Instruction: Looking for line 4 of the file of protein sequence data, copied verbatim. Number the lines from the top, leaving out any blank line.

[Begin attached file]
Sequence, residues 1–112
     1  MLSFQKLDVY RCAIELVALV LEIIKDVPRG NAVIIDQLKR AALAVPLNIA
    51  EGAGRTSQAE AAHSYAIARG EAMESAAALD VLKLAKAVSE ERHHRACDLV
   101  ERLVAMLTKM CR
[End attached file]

   101  ERLVAMLTKM CR